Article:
Specification of Non-functional Requirements and Their Trade-offs in Service Contracts in the NGOSS Framework

Specification of Non-functional Requirements and Their Trade-offs in Service Contracts in the NGOSS Framework

Xiaoqing Liu (Missouri University of Science and Technology, USA) and Nektarios Georgalas (British Telecom GCTO, UK)
DOI: 10.4018/978-1-60960-493-6.ch010
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Abstract

The community of Operation Support Systems (OSS) for telecom applications defined a set of fundamental principles, processes, and architectures for developing the Next Generation OSS through the TeleManagement Forum TMF. At the heart of NGOSS lies the notion of a “Contract” which embodies the specification of services offered by an OSS component for quality management and product evaluation. However, TMF does not provide any method (or process) for specification of the non-functional part in the NGOSS contract specification. This chapter develops a systematic approach for specifying non-functional requirements of telecom OSS applications for contracts in the NGOSS framework for quality management and evaluation. Specifically, two categories of non-functional specification techniques are explored: qualitative and quantitative. Furthermore, two quantitative non-functional requirements specification methods are introduced: crisp and elastic to expand the capability of the current NGOSS contract specification method since only qualitative non-functional specification is currently available from TMF. In addition, a technique is developed for specification of trade-offs between non-functional requirements.
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Introduction

Background

Service Oriented Architecture (SOA) (Margolis, 2007; Leymann & Karastoyanova, 2008; Erl, 2005) is gaining momentum in information technology applications. It is a loosely-coupled architecture designed to meet business needs of an organization and allow systems group functionality around business processes. In response to challenging goals of improving quality, reducing cost, increasing agility, improving inter-operability, and managing IT and Telco resources effectively, the community of Operation Support Systems (OSS) for telecom applications, has defined a set of fundamental principles, processes, and architectures for developing the Next Generation OSS – NGOSS (TeleManagement Forum, 2004a, 2004b, 2005) based on SOA through the TeleManagement Forum TMF.

Unlike Functional Requirements (FR) whose significance has been widely recognized, Non-Functional Requirements (NFRs) are poorly understood (Paech & Kerkow, 2004). Research of non-functional requirements has focused on their analysis instead of specification (Cysneiros & Leite, 2004; Mylopoulos et. al, 1992). In fact, neglecting non-functional requirements has been counted as one of the top risks of requirement engineering. The problem of incorrect specification of non-functional requirements often leads to disputes in business contracts, wrong design and implementation, wrong trade-off decisions, poor customer satisfaction, and loss in competition.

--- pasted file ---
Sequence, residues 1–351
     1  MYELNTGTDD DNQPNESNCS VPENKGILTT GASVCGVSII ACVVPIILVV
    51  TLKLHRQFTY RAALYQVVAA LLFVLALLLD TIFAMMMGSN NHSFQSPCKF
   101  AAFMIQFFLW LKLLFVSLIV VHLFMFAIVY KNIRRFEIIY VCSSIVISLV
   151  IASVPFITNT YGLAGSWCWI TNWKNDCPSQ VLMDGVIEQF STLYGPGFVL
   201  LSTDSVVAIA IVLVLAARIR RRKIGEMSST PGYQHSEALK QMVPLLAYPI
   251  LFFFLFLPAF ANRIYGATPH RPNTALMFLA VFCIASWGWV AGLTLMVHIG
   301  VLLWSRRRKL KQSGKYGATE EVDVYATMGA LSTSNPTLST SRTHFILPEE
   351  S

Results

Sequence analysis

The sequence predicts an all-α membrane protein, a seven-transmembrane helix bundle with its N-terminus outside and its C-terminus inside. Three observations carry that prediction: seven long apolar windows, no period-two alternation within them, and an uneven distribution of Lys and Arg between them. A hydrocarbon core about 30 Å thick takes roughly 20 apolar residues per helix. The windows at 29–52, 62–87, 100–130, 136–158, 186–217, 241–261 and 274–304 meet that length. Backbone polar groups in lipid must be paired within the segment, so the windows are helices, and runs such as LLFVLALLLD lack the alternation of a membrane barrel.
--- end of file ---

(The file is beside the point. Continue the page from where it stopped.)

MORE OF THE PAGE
Specification of non-functional requirements for SOA has attracted attentions of researchers recently. It is necessary to specify non-functional requirements in addition to functional requirements in SOA since they play an important role in development and selection of services. It still has many open and challenging issues which need to be investigated (Tsai et. al, 2007). Several modeling methods have been developed to specify non-functional requirements. UML profiles have been used to model non-functional requirements in SOA (Ortiz & Hernändez, 2006; Wada, Suzuki, & Oba, 2006; Wada, Suzuki, & Oba, 2007). A goal-oriented modeling method is used to represent non-functional requirements in SOA (Xiang et. al, 2007). However, non-functional requirements are specified to be crisp and they can be either satisfied or not, or they are specified to be qualitative in these non-functional requirements modeling methods. They are difficult to be used for trade-off analysis in service selection when multiple non-functional requirements cannot be satisfied at the same time and a trade-off among them is needed.

Service Level Agreements (SLAs), which are widely used in telecom industry and increasingly become popular in e-commerce and SOAs, stipulate service level requirements from external customers due to contractual or other reasons. In order to develop an OSS which satisfies service level requirements in a SLA, NGOSS introduce a notion of a “Contract”, which serves as an internal contract between intermediate phases in a development process and embodies the specification of services offered by an OSS component for quality management and product evaluation in a specific phase (TeleManagement Forum, 2005). However, TMF does not provide any method (or process) for specification of the non-functional part in the NGOSS service contract specification except the exemplary list of fields. In addition, TMF does not provide any trade-off specification mechanisms for resolving conflicts between non-functional requirements in the service contract, which exist in many Telco applications.

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